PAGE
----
President Barack Obama's insistence he was out of the loop on administration missteps like NSA's eavesdropping on world leaders, technical problems with the HealthCare.gov website, and IRS tea party targeting is implausible and troubling, Washington Post columnist Dana Milbank wrote Monday
Ticking off a slew of issues for which Obama has claimed ignorance, Milbank said "it stretches credulity to think that the United States was spying on world leaders without the president's knowledge, or that he was blissfully unaware of huge technical problems that threatened to undermine his main legislative achievement."
Milbank added White House officials "have frequently given a variation on this theme" concerning the IRS targeting scandal and the use of Justice Department subpoenas against reporters as well.
"On one level, it would be reassuring — and much more credible — if the White House admitted that Obama is more in the loop than he has let on," Milbank wrote.
"On another level, it would be disconcerting: Is it better that he didn’t know about his administration’s missteps — or that he knew about them and didn’t stop them?"
Milbank said a Republican National Committee compilation titled "The Bystander President" making the case that Obama appears to be in the dark about significant administration missteps actually "understated the number of issues."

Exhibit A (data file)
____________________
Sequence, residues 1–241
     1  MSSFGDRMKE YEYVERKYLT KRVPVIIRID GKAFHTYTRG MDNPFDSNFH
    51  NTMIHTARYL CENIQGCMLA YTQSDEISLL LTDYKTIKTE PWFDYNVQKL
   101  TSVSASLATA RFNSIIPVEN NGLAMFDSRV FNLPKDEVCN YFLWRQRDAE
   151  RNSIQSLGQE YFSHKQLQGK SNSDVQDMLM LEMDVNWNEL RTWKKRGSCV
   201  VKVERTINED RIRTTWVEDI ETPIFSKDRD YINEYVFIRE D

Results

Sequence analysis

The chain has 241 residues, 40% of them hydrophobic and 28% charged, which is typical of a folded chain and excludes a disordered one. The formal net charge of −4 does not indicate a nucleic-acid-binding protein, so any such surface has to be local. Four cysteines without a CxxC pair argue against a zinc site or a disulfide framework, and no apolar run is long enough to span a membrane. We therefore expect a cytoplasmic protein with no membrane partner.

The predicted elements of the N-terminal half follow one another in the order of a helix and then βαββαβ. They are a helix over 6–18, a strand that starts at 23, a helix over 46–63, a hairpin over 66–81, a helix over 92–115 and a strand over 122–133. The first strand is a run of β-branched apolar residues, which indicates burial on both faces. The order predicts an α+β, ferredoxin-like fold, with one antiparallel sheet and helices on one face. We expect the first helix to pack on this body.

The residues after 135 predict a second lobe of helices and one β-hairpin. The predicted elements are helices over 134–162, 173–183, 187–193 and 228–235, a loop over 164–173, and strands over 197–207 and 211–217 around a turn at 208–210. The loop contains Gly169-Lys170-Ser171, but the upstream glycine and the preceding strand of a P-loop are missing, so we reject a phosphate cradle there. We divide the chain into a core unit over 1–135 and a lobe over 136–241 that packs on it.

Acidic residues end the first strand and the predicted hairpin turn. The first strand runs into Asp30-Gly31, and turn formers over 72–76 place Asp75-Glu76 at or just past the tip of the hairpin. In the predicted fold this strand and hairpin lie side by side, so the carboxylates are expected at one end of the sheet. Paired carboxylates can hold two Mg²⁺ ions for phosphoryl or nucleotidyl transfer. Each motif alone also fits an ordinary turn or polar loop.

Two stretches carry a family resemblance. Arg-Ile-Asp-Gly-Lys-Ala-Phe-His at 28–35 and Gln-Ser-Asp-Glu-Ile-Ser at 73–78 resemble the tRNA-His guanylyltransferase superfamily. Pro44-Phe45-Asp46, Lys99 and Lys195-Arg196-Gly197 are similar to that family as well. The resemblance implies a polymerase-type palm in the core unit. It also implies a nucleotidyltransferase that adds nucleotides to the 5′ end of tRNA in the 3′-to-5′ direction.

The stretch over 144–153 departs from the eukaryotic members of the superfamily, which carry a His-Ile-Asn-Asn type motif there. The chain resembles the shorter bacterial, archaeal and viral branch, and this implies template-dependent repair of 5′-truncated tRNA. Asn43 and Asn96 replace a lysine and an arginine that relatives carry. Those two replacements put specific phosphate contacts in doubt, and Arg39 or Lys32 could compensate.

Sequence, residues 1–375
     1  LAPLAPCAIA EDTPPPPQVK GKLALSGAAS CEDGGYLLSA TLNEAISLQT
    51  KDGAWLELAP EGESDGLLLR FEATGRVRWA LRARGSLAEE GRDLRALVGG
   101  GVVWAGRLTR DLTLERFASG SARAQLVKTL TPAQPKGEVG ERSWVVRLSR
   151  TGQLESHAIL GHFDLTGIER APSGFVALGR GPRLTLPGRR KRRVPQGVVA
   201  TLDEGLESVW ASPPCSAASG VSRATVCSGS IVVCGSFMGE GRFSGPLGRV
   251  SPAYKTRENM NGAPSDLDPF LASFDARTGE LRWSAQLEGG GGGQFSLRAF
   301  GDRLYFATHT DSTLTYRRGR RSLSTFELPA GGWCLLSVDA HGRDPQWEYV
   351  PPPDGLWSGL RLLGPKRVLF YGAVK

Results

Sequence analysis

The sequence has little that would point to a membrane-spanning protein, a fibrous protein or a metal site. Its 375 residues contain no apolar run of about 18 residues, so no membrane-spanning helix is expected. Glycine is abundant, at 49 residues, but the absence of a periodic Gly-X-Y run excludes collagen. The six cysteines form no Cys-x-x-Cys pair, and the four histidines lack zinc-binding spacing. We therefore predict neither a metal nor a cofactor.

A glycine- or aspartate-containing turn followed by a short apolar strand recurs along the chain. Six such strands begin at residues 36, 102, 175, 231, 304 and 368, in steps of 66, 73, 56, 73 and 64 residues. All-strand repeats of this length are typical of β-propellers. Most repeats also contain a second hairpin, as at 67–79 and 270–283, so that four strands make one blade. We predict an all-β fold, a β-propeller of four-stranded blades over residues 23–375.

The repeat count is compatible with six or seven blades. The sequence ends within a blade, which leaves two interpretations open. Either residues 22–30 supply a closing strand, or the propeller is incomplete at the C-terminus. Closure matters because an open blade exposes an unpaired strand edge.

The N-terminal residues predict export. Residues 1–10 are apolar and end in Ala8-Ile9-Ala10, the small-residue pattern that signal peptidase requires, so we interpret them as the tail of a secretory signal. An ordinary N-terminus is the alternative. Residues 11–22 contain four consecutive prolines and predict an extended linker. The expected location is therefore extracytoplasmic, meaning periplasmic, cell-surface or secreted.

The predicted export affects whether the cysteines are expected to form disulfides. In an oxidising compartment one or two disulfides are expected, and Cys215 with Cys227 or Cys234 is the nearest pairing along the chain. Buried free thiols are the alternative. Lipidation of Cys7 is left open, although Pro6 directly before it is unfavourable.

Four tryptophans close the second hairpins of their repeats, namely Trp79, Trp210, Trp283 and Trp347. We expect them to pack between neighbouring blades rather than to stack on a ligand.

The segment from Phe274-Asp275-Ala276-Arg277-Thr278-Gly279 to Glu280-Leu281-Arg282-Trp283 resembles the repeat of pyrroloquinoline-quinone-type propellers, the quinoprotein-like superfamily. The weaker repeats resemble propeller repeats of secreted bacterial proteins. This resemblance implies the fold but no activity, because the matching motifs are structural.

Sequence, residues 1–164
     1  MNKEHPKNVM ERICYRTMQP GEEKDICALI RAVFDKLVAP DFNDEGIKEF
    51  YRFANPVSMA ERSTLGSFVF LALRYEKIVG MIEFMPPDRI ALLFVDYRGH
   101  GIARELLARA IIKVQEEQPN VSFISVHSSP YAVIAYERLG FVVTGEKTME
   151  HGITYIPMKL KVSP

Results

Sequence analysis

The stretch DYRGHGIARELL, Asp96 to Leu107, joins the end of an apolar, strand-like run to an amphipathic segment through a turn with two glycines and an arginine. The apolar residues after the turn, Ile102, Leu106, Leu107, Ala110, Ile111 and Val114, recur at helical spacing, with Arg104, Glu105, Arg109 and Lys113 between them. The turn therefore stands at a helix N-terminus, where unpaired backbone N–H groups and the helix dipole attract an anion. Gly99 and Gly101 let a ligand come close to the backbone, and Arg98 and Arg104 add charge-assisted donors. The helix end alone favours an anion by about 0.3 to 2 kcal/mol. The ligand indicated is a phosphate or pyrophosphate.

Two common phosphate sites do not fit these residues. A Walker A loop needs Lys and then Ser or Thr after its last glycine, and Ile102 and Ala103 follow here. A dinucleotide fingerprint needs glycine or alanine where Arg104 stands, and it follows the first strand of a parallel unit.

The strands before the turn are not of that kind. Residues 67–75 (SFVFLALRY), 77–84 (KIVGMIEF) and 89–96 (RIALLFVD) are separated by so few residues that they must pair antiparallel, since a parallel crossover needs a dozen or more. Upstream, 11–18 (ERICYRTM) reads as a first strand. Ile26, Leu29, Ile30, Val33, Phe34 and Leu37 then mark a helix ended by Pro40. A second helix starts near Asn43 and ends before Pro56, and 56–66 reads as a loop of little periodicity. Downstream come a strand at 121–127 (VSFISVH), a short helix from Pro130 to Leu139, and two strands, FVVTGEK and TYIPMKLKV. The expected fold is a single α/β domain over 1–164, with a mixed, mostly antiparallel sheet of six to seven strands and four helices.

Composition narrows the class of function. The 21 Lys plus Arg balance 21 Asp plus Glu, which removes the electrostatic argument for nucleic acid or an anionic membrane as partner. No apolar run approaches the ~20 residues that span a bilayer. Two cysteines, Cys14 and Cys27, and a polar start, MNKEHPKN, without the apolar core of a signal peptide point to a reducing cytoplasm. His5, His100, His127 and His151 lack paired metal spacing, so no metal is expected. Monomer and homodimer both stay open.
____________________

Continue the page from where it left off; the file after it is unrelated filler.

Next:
The compilation includes the NSA spying on the German chancellor, the Obamacare rollout, an investigation of the IRS’s targeting of political groups, the failure of clean-energy company Solyndra, and attempts to go after reporters’ phone and email records.
But the Republican National Committee report didn’t mention that Obama allegedly had known nothing about an FBI investigation of an affair involving David Petraeus that led him to resign as CIA director, Milbank wrote.
"Neither did it mention two other claims that conservatives often question: Obama’s ignorance of a guns-on-the-border sting operation called 'Fast and Furious' that went awry, and his unawareness of requests for additional diplomatic security in Libya before a U.S. outpost in Benghazi was attacked," he wrote.
"There’s no reason Obama should have known about Fast and Furious or diplomatic security requests," Milbank added. "But how could he not know his spies were bugging the German chancellor?"
Milbank noted, however, White House spokesman Jay Carney has hinted the president did know the National Security Agency was bugging Chancellor Angela Merkel.
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